FALMOUTH, MA – APRIL 8: Instacart shopper Loralyn Geggatt makes a delivery to a customer’s home during the COVID-19 pandemic in Falmouth, MA on April 7, 2020. Some Amazon, Instacart and other workers protested for better wages, hazard pay and sick time. (Photo by David L. Ryan/The Boston Globe via Getty Images)
Instacart raised new funding, more than doubling the grocery delivery start-up’s valuation from the start of the year and further cementing its place as one of the most valuable private companies in the US.
Amid surging demand for grocery delivery due to the coronavirus pandemic, Instacart has raised $200 million in a new funding round led by existing investors Valiant Capital and D1 Capital Partners. The round increases the startup’s valuation to $17.7 billion. Instacart plans to use capital to expand its ad and enterprise businesses, and for product development, the company said.
Instacart was valued at $7.9 billion at the start of the year and raised another round of funding in June led by DST Global and General Catalyst. Instacart is now valued at the same level as Airbnb in private markets, highlighting the diverging fortunes start-ups have seen this year.
As the pandemic devastated global travel, Airbnb saw its valuation slashed earlier this year to $18 billion, nearly half of what the company was worth in 2017. Meanwhile, Instacart has seen its share of the grocery delivery market surge to nearly 50% as more consumers buy more groceries than before and restaurants operate at limited capacity.
The latest funding round comes as Instacart and food delivery apps expand beyond restaurants into grocery, convenience and retail. Over the last few months, DoorDash has formed partnerships with PetSmart, Macy’s and Walgreens, and launched its own “DashMart” virtual convenience stores. Uber is also expanding grocery delivery with Cornershop and is in the process of acquiring rival Posmates.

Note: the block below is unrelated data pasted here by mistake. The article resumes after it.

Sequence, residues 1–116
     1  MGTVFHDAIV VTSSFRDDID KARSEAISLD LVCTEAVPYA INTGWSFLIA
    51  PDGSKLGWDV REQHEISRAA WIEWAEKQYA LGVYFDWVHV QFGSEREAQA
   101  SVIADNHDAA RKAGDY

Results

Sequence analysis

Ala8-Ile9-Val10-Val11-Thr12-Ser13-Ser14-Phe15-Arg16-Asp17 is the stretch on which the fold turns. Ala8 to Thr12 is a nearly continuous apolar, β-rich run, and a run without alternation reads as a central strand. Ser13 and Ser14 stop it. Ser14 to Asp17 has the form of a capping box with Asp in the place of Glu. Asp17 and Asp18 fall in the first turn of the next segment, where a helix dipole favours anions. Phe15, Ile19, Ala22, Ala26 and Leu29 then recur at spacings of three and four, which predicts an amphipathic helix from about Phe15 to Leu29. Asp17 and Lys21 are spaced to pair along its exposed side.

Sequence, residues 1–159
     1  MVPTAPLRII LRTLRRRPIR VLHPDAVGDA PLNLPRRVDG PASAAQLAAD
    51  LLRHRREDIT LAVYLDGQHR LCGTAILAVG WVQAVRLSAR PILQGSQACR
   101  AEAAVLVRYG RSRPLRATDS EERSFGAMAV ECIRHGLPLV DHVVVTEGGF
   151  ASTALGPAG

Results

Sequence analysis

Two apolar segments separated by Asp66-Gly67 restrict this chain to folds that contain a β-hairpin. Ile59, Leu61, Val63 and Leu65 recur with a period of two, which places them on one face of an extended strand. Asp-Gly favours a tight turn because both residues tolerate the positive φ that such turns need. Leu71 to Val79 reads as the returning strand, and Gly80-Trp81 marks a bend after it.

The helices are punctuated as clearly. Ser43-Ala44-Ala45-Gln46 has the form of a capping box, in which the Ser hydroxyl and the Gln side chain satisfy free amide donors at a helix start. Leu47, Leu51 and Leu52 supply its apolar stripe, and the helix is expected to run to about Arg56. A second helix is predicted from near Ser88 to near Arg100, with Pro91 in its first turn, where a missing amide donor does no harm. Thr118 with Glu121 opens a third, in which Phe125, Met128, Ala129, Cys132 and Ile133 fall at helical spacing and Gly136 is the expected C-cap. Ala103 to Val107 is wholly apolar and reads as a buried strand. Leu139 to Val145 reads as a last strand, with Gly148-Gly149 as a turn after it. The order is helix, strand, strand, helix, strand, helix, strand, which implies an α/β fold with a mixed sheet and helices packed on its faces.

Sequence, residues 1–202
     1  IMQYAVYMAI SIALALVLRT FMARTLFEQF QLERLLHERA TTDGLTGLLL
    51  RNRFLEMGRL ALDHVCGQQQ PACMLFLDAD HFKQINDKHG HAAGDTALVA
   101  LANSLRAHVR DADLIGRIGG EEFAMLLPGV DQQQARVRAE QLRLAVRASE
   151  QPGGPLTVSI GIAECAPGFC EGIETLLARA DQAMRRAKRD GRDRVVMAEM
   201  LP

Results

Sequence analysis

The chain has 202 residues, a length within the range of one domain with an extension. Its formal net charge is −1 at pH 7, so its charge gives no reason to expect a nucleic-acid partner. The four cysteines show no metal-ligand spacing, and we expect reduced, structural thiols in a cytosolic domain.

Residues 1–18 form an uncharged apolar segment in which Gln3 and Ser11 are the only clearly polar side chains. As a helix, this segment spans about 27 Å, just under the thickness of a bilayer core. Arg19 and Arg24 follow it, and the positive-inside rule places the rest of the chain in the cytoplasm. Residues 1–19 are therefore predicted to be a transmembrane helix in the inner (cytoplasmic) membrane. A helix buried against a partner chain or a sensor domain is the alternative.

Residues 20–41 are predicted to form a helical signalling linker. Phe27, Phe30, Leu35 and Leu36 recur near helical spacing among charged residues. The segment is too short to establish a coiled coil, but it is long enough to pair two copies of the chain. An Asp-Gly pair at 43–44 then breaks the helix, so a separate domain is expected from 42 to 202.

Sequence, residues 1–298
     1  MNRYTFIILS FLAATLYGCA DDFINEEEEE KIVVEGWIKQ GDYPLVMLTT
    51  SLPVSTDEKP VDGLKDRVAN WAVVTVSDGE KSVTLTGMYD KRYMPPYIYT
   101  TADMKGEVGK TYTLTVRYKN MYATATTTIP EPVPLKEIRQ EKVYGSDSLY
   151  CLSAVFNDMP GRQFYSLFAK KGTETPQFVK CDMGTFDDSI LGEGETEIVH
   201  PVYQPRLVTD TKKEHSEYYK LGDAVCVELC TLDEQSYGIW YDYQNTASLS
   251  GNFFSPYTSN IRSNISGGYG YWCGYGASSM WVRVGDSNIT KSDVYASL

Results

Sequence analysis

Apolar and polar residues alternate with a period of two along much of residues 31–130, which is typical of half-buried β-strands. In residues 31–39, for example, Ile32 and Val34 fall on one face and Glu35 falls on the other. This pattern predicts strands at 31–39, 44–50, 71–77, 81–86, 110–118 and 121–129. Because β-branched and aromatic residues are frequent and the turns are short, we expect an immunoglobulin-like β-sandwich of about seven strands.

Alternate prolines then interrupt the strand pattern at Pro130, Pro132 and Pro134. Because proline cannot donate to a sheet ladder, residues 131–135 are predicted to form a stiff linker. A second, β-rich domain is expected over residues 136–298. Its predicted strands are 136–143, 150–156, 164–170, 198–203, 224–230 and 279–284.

Instacart is also expanding beyond its core with partnerships with new retailers this year including Walmart, 7-Eleven and Sephora.
But the step-up in valuation also comes amid growing unrest among Instacart’s shoppers, who are classified as independent contractors. During the coronavirus pandemic, they have been on the front lines as essential workers, but do not have the protections or benefits that full employees are entitled to, including employer-sponsored health insurance.
Instacart also faces regulatory challenges. On Nov. 3, California will be voting on Proposition 22, a ballot initiative that will have major implications for the gig economy. If it passes, it could roll back minimum wage and other protections for gig economy workers. If it doesn’t, it would force companies like Instacart to reclassify contractors as employees, which would upend its business model.
“I’m incredibly proud of our team’s work to scale our business this past year and rise to meet the unprecedented consumer demand and growth,” Instacart founder and CEO Apoorva Mehta said in a press release. “Their tireless efforts have allowed us to expand our marketplace…and move grocery delivery into the mainstream…While we’re proud of these milestones, we believe we have a lot more work to do to deliver for all the communities we serve”